In reality though, the evidence does not support that claim. Quite apart from the fact that there is no credible evidence that proves sexual transmission of HIVfrom one person to another ever (Step 1, prove HIV exists. Step two… oh wait, we haven’t managed step 1 yet), there is not even credible evidence that HIV diagnoses are sexually transmitted to any meaningful extent. The Padian study, now being ‘re-interpreted’ in an unscientific bid to show that the use of condoms is effective, actually comprehensively demonstrated the unlikeliness of sexual transmission at the very least. In fact, with zero HIV positive diagnoses in the originally-HIV-negative diagnosed partners, despite 282 couple-years of sex with intermittent condom use and a variety of sexual practices, it comprehensively undermined claims by doctors that it was a realistic possibility. Every other robust study has shown from an epidemiological perspective that the claim of sexual transmission just does not add up. This is backed up by individual stories of people who’ve been in long relationships and their partners have remained diagnosed HIV negative despite having unprotected sex, or having children.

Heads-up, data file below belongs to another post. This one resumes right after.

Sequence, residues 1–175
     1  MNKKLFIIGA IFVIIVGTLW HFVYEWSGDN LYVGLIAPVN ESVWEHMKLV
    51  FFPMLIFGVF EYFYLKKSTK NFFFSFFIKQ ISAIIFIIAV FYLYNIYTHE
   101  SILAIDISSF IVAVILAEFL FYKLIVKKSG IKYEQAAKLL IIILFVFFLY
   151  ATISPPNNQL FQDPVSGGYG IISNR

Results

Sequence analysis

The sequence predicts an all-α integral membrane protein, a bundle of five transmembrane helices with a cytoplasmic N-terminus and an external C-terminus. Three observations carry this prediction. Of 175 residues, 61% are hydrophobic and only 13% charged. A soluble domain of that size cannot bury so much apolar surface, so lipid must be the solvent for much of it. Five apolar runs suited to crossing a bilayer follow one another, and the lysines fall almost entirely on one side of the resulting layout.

Given that there are so many non-HIV factors already documented to trigger false positive HIV test results, even when occasionally someone is diagnosed HIV positive after having sex with someone who has also been diagnosed HIV positive, given that it seems to happen so rarely, the question has to be asked, “could it be a coincidental false positive due to other non-specific factors?”, Because when the law of large numbers is taken into account, coincidences will happen and what seems to happen is that people make a simplistic correlation and assume there is inherent causation. Unfortunately humans being such powerful pattern-recognition machines, sometimes we spot patterns that are simply coincidental or incidental rather than causual. Ie, by only looking at the positive incidences and not comparing it to the number of negative ones (where the correlation didn’t happen), we can be easily misled.
So really, the claim that the porn performer Derrick Burts had HIV, with the suggestion that he appears to believe that he got it through condomless-sex while working as a porn performer is very misleading from a transmission-claim point of view, never minding any questions over the validity of HIV tests.